Iranian Deputy Foreign Minister Abbas Araghchi said with his country’s withdrawal from the Additional Protocol inspection requirements, cooperation with the IAEA would be reduced by 20%-30%.

In classic diplomatic speak designed to soften Iran despite its readiness to concede some things to Grossi, he acknowledged that a law passed by Iran’s parliament to reduce cooperation “exists.”

The understanding he had reached with Iran was “not a replacement,” and he hoped for a “return to a fuller thing.”

What was the purpose of these seemingly contradictory and paradoxical comments?

The truth was that at that time Grossi got everything he wanted.

He needed to help Iran save face so that it could portray itself as penalizing the US for ongoing sanctions – without actually changing anything of significance.

After all, if every single IAEA inspector continued to work in Iran, all constant electronic monitoring continued and snap inspections were allowed, what exactly was the mysterious 20%-30% that was cut back?

To help save face, the heart of Grossi’s creative deal was to not make an issue over Iran’s provocative pull out of the Additional Protocol because the ayatollahs had agreed to do everything important the document required on a voluntary, quieter basis.

Finally, the other key provision was the three months, which meant slightly before Iran’s presidential election was waiting in the wind in June.

Some credited Grossi with creating momentum for the return to nuclear talks in April 2021.

After the victorious middle of the night press conference, Grossi spoke via Zoom to a group of mostly Harvard students.

This kind of group is where the very gregarious Grossi feels most comfortable and gives less formalistic and homogenized answers.

He used phrases like asking “why they [the Iranians] won’t come clean” and “they tell us very little… that is the problem” in addressing Tehran’s explanation of undeclared nuclear items discovered by the Mossad (careful never to use its name).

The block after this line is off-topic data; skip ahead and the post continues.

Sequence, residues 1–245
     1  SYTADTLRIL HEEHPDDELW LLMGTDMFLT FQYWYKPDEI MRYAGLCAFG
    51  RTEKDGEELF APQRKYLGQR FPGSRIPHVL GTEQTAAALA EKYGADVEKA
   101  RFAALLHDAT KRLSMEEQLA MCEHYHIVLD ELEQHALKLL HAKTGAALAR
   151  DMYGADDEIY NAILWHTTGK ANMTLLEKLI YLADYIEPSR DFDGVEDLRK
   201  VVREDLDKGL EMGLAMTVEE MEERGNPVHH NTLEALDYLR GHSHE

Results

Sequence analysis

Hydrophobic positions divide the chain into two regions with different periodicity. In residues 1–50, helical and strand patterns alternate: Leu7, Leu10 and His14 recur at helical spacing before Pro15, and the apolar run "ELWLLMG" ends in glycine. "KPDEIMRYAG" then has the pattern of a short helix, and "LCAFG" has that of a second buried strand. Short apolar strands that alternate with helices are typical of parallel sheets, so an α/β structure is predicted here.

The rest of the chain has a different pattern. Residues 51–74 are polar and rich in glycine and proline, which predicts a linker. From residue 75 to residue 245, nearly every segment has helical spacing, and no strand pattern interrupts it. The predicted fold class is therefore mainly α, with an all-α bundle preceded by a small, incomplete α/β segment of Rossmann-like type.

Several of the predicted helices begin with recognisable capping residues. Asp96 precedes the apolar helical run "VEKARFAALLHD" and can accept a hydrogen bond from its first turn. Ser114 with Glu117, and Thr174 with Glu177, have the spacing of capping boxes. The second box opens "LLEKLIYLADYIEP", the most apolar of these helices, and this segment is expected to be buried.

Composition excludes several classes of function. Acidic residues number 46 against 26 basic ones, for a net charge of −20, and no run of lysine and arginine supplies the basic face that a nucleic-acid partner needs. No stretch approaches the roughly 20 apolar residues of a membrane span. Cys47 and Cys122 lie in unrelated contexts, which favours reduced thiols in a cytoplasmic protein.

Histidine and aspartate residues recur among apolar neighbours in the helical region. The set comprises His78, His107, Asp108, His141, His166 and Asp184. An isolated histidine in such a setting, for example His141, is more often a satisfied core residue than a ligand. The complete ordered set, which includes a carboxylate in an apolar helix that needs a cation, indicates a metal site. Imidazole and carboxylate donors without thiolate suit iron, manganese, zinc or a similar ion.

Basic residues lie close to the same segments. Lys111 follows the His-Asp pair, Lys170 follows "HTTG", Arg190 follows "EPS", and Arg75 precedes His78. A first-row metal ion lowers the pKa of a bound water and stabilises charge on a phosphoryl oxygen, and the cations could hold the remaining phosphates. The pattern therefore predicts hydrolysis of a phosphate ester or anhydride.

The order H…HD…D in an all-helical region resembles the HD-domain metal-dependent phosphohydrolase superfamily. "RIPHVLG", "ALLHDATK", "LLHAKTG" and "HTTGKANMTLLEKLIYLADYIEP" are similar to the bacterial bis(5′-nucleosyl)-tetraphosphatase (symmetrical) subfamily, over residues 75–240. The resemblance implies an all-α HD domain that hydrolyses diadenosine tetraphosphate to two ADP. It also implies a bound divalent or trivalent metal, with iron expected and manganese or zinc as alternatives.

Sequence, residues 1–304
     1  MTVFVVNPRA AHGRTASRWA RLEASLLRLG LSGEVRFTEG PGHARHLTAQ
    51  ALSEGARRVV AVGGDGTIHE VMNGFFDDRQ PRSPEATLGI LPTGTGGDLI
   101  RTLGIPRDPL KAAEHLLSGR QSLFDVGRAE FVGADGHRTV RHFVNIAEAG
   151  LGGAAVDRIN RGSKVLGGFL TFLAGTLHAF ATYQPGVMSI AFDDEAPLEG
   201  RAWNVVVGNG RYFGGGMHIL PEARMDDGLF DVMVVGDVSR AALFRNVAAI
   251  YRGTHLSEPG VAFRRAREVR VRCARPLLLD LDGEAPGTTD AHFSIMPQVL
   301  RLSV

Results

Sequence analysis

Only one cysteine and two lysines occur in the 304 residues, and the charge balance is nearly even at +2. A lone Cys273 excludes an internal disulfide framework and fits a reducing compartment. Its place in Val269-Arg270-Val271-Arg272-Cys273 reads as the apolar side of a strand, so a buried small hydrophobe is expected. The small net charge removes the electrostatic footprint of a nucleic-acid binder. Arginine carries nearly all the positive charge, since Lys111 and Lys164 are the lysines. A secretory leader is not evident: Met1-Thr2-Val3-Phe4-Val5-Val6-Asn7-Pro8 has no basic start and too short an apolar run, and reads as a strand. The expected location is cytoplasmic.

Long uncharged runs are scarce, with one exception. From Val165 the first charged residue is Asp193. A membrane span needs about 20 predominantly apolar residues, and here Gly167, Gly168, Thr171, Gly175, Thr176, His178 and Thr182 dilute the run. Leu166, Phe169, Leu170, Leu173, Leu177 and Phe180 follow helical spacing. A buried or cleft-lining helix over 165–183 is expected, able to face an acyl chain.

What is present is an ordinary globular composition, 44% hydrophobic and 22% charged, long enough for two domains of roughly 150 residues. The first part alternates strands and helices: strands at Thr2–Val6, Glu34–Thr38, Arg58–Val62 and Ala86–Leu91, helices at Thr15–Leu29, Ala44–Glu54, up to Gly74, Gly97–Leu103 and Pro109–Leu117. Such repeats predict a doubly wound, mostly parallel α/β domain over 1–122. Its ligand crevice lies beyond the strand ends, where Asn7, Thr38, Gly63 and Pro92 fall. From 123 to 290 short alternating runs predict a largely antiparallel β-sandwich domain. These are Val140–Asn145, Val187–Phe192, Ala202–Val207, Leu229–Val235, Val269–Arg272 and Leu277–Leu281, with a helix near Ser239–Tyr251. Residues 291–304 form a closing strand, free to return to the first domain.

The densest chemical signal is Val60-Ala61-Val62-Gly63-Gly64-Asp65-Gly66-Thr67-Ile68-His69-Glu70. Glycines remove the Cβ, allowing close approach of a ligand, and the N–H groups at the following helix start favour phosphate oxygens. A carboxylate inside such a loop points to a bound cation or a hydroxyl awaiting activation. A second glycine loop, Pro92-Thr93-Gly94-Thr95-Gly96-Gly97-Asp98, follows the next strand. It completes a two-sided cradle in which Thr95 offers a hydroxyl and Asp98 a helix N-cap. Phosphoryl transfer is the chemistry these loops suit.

The IAEA chief even volunteered that he had made a proposal to Iran to resolve the issues, but when pressed by students what the proposal was, he admitted it was nothing more concrete than “let’s talk,” he said with his signature broad smile.

Iran pushes Grossi around

Shortly after speaking to Harvard, on March 9, 2021, he and the IAEA Board of Governors signaled they were backing down from condemning the Islamic Republic with its failure to clarify its violations in exchange for... more talks in April.

“It’s about opening doors... preventing doors from shutting,” said Grossi.

Asked in several different ways by journalists whether he was just engaging in “wishful thinking” given that Tehran was not giving any concrete sign that it would change its tune, he shrugged his shoulders and said, “I am an optimist.”

Though tougher on Iran than Amano, Grossi had realized by March 2021 that the critical issue for him was to keep the dance going.

In addition, Grossi again gave Israel and other Iran critics momentum to demand a more aggressive approach by the West by issuing his April 2021 report emphasizing that the Islamic Republic had started to enrich uranium to the 60% level. This was the closest Tehran had ever gotten to the bomb and was only one step below the 90% weaponized level.

These were possibly one of Grossi’s last high points in 2021, with the three-month deadline coming back to haunt him.

On May 24, 2021, Grossi announced that he had reached a weaker deal with Iran extending inspections for only one month.

The dizzying days leading up to the May 24 announcement were as dramatic as the deal itself.

The press conference, on a Monday afternoon, had been delayed three times since that Sunday afternoon, as Grossi resolved certain unspecified last-minute concerns from the Islamic Republic.

All of the developments were even more significant because the IAEA’s right to inspect Iran’s nuclear program had expired on Friday, May 21 the week before. Some senior Iranian officials had suggested that IAEA inspections would not be extended – a potential prelude to a major crisis.

Grossi had first announced that he would hold a press conference Sunday afternoon to update the world on the status of inspections, and as Iran, the US and world powers entered a critical week of negotiations to return to the 2015 nuclear deal.

Following multiple contradictory public statements, the IAEA delayed its press conference, which had been set for 3 p.m. Israel time Sunday, saying there would be an announcement at an undetermined point later in the day.